Uh oh, AT&T.
It’s looking very, very, very, very likely that the event Verizon is holding on Tuesday morning in New York City is all about unveiling a CDMA iPhone that will work on the carrier’s network. And for those of us who have long suffered and struggled with AT&T’s network to be able to use the iPhone (particularly those of us in cities like San Francisco and New York) this is basically Christmas all over again. And in typical Apple fashion, there may be a nice little “one more thing” — but it likely comes compliment of Verizon.
Not only does Verizon seem poised to unveil an iPhone, it looks like they’ll do so with the option for unlimited data plans. This is something AT&T killed off last year, smartly disguising it as a better short-term deal for most customers. Of course, the reality is that the data caps are actually a long term play to help preserve their struggling network and more importantly, make more money.
But Verizon isn’t ready to go in that direction, apparently. At least, not yet.
Yesterday, Reuters cited an unnamed source says that Verizon will offer the iPhone to its customers with their existing wireless service plans. Today, the Wall Street Journal further clarified that the Verizon iPhone will in fact offer an unlimited data plan, citing “a person familiar with the matter”.
AppleInsider has a nice breakdown of what this actually means. While the core talk-time and text plans are largely the same on the two networks (though AT&T has rollover minutes), AT&T no longer offers unlimited data plans. Instead their highest data plan is 2 gigabytes for $25 a month. After those 2 gigs, each additional gig is $10. Verizon, meanwhile, if the plans do stay the same, will offer unlimited data for a flat $30 fee.
That’s the same unlimited data fee that AT&T used to offer until they castrated it in June. The timing of the move was curious as it was right before the iPhone 4 launched exclusively with AT&T in the U.S. In other words, they got millions of customers locked into the new plans for at least two years (though previous customers were allowed to keep their existing plans). Oh, and in another bit of curious timing, AT&T also managed to up their early termination fee right before all these new contracts were signed. Imagine that. That move couldn’t have been related to what’s about to happen on Tuesday, right? Sure…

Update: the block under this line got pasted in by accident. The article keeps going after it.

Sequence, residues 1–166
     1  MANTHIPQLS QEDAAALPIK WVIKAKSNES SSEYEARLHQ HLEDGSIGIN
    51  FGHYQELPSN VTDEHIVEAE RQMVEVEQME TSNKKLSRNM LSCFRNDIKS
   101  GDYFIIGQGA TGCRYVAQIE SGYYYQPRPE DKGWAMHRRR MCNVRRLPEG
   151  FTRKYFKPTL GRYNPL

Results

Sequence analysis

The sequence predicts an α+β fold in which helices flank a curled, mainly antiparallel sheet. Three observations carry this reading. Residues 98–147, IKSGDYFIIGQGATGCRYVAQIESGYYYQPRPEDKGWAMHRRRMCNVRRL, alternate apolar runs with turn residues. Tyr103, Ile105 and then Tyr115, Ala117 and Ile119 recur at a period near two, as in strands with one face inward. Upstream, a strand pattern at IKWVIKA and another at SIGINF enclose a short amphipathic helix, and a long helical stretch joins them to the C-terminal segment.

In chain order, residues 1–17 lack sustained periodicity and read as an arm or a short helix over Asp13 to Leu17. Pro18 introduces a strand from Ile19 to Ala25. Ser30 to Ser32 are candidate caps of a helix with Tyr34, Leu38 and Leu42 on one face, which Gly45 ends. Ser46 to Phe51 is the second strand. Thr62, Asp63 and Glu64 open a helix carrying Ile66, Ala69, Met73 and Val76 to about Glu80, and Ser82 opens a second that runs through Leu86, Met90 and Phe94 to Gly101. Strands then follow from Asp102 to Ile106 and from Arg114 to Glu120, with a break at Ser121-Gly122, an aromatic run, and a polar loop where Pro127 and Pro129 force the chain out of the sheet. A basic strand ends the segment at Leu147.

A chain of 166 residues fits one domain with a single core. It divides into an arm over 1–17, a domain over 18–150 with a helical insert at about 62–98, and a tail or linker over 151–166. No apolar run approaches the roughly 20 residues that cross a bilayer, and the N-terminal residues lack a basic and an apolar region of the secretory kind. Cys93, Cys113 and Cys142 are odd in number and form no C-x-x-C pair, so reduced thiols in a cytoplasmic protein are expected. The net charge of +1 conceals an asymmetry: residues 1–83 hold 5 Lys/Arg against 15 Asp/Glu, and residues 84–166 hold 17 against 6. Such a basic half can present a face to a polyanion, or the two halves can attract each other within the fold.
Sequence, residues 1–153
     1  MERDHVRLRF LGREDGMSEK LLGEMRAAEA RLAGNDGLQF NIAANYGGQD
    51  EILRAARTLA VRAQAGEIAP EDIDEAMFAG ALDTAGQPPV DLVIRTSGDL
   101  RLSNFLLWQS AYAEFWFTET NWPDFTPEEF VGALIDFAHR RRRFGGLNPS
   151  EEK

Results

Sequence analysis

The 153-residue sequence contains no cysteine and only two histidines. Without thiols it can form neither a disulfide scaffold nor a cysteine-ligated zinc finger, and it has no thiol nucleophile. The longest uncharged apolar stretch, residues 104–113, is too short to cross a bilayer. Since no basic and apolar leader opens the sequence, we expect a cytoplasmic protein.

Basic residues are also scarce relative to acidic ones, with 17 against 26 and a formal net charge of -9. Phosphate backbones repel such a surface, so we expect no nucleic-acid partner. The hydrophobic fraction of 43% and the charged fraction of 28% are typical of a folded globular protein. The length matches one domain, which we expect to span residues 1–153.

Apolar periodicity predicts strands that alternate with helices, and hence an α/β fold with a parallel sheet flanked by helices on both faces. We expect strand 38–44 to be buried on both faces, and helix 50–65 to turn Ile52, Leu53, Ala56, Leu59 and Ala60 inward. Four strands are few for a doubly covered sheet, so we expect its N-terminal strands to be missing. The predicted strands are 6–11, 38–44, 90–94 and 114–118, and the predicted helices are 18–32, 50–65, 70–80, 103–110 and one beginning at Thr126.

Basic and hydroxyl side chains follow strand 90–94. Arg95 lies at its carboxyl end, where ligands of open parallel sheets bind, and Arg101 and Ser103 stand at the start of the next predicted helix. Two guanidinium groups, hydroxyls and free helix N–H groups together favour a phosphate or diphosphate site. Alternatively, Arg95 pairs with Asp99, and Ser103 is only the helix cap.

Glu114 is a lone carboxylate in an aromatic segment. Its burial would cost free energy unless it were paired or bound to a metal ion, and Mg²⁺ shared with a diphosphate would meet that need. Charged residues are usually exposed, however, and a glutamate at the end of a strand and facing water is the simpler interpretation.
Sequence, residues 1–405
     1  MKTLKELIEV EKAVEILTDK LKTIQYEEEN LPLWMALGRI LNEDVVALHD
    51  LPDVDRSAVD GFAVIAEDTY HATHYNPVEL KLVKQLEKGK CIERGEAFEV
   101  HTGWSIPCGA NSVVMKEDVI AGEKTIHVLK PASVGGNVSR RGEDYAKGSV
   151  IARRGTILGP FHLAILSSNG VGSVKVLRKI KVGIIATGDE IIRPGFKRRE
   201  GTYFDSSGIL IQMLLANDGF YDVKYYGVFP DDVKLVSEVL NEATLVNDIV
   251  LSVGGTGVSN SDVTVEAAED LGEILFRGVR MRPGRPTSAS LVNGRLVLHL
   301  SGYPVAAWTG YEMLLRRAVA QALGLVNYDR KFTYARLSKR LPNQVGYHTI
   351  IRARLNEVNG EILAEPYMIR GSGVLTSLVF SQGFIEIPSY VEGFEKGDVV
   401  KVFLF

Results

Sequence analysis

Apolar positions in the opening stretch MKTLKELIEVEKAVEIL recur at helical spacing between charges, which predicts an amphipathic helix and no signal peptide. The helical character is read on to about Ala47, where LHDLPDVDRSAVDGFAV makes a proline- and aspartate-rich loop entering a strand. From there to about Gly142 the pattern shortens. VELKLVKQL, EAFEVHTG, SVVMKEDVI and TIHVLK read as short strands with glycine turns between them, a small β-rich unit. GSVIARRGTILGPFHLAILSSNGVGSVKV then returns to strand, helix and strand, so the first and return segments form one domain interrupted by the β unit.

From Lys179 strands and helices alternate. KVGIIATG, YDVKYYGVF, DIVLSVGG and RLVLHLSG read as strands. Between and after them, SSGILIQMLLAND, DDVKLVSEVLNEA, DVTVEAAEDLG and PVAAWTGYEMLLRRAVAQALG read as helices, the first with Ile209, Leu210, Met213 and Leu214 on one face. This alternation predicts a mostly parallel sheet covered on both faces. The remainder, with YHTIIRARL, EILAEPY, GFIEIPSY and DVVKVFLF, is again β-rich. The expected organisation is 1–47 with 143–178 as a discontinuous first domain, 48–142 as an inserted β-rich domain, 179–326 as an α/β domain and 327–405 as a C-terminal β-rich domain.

And there’s more. Not only are the standard data rates much better on Verizon, but the tethering plan is better. Currently, AT&T gives you the option to use tethering on your iPhone, but it will cost you $45 a month (your $25 data plus an extra $20 to tether) and it counts against your same 2 GB cap. Verizon, meanwhile, offers tethering for $30 extra but they give you 5 GB of data to use exclusively for tethering with that money. In other words, it’s more expensive, but a much better deal because your AT&T 2 GB data cap will be eaten into quickly by your actual iPhone usage.
Assuming all of this information is accurate, this looks very, very bad for AT&T. It looks like the larger network that is perceived to be superior is not only taking their crown jewel, they’re kicking them in the nuts while they do it. It looks as if Verizon is confident that they’ll be able to handle the iPhone’s huge data traffic surge, whereas AT&T has already proven that they could not and altered their plans accordingly.
Let me pre-emptively include AT&T’s undoubtedly forthcoming spin here. Something like: “Customers are delighted by our data plans that are $5 cheaper than they previously were — and the data cap doesn’t matter because the vast majority of them never hit the 2 GB cap.” Let me then once again pre-emptively call bullshit on such a claim. Sure, most customers may not hit the 2 GB cap now, but everyone is continuing to use more and more data. As a result, more and more people will start to hit that wall in the coming months and years. And that means one thing for AT&T: more $ on overage charges.
Of course, the big picture is that Verizon is also still a greedy carrier. While their data plans may look good right now, they’re already said to be looking into the idea of capping them as well. And don’t be surprised if that happens sooner rather than later.
Still, for this initial iPhone launch at least, it’s looking like Verizon will be a big, red rose in bloom. As AT&T withers.
Update: AT&T has written to clarify that any customer with a previous contract can choose to keep it even after upgrading to a new device, so I’ve updated some of the wording there. The key point is intact: new customers don’t have the choice of getting an unlimited plan on AT&T, and they do on Verizon.
AT&T also wishes to point out that Verizon raised their ETF first. We still find the timing right before iPhone 4 launch suspicious.
AT&T Inc. (AT&T) is a holding company. AT&T is a provider of telecommunications services in the United States and worldwide. Services offered include wireless communications, local exchange services and long-distance services. AT&T operates in four segments: Wireless, Wireline, Advertising Solutions and Other. Its Wireless subsidiaries provide both wireless voice and data communications services across the United States, and through roaming agreements, in a substantial number of foreign countries. Wireline subsidiaries provide primarily landline voice and data communication services, AT&T...
Verizon Communications Inc. delivers broadband and other wireline and wireless communication innovations to mass market, business, government and wholesale customers. Verizon Wireless operates America’s largest wireless network that serves nearly 102 million customers nationwide. Verizon’s Wireline operations include Verizon Business and Verizon Telecom, which brings customers converged communications, information and entertainment services over Verizon’s fiber-optic network.